The famous nocturnal Hex hatch of the Midwest (and a few other lucky locations) stirs to the surface mythically large brown trout that only touch streamers for the rest of the year.
For the fly fisher seeking to catch more and bigger trout, fishing nymphs--patterns that mimic the larval stage of mayflies--can be a surefire approach. Nymphs: The Mayflies, the first volume in a totally revised edition of the 1973 original, is the singular authority on identifying the myriad species of mayfly larvae and tying imitations that will attract trout all across the country.
Author Ernest G. Schwiebert spent the last fifty years of his life traveling, fishing, and gathering information on scores of mayfly species across the country. The 1973 edition of Nymphs set forth his initial findings. Now in this wholly revised and expanded form, Schwiebert's last work offers the reader exacting details of every major mayfly species for the sake of identification, along with recipes for dozens of fly patterns to imitate them.
This new edition also contains numerous stories and anecdotes from Schwiebert's travels, some never set down in writing before, that further add to the understanding of how to choose, cast, and fish nymphs, and life.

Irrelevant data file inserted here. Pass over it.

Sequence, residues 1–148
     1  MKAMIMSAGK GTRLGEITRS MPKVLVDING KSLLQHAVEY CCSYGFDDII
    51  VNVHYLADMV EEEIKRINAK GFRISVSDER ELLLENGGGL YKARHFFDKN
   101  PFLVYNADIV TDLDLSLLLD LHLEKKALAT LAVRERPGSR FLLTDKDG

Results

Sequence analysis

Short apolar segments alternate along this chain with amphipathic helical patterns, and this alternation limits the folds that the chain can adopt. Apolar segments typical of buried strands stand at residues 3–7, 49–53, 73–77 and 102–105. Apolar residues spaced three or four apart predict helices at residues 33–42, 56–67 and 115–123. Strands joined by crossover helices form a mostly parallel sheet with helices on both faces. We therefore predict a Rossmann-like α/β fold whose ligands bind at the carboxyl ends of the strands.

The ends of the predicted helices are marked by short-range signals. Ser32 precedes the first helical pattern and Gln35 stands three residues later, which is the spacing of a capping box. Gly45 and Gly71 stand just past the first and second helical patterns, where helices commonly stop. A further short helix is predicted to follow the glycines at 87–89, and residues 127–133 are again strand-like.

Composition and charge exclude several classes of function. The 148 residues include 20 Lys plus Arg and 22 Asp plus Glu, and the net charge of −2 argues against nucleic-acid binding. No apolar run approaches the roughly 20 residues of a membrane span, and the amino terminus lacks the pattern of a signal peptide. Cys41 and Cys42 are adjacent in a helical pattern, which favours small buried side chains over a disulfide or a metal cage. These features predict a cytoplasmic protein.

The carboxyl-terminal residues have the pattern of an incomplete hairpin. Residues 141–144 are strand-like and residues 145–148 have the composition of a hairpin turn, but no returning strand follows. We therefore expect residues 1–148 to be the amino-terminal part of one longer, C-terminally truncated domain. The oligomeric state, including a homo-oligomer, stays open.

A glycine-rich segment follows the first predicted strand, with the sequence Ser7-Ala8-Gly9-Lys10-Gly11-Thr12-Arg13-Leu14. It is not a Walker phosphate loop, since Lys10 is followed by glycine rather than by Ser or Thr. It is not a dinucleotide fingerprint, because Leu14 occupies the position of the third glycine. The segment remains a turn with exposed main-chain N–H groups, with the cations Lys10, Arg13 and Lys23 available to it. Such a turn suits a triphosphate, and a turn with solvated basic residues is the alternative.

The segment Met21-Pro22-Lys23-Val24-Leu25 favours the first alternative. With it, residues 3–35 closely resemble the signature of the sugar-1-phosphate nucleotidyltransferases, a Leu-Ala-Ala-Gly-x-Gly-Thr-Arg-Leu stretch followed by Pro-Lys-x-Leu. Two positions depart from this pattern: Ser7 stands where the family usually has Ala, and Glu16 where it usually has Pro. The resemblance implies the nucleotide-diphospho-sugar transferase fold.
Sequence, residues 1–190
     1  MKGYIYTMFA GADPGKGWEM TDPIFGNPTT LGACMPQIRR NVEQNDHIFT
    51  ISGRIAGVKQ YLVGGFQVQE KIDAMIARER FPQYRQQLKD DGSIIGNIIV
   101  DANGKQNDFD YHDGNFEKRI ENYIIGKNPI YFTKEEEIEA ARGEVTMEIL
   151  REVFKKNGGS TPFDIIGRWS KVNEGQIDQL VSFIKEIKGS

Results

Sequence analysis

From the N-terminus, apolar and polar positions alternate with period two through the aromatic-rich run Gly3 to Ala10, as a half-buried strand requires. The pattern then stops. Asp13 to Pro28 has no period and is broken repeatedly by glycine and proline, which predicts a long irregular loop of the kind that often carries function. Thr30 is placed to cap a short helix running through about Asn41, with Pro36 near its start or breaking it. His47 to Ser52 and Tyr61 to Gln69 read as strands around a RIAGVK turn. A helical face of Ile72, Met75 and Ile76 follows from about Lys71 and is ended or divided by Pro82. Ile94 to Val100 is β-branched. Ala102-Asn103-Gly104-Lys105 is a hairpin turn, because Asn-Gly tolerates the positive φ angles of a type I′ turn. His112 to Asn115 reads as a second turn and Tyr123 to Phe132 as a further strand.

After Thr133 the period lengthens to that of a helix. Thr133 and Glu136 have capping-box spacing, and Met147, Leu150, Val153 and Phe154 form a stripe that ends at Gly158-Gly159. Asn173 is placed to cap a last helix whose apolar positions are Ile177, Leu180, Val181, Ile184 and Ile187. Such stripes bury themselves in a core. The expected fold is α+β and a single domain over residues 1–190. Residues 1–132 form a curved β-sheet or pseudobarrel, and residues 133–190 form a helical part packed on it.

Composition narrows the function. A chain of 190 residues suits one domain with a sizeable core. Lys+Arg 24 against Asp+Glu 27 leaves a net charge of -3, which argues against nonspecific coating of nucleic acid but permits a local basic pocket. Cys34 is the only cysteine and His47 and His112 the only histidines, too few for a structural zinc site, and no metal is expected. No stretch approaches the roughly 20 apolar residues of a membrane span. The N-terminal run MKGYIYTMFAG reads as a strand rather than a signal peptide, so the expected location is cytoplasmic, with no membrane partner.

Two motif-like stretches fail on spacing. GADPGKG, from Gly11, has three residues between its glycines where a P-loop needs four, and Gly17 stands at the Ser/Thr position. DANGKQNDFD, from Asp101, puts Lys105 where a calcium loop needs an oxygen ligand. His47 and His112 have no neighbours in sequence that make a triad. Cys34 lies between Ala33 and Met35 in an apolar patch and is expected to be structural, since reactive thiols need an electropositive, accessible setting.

After the mayfly family, detailed in Nymphs: The Mayflies, the fly fisher must know the caddisfly, stonefly, and midge populations just as well to catch trout that are keyed in on such insects. Nymphs: Caddisflies, Stoneflies, and Other Important Species gives the reader all the essential information about identifying individual species of these insects throughout their North American range, and then delves into detailed instructions for scores of artificial patterns to imitate them. Few books in fishing literature have focused so closely on so many individual species of the particular genera of aquatic insects in this volume.
And just as in Nymphs: The Mayflies, this book contains numerous stories and anecdotes from Schwiebert's travels that illuminate the selection and use of nymph patterns, and recount great days spent on the water as interpreted through one of the great minds of modern fly fishing.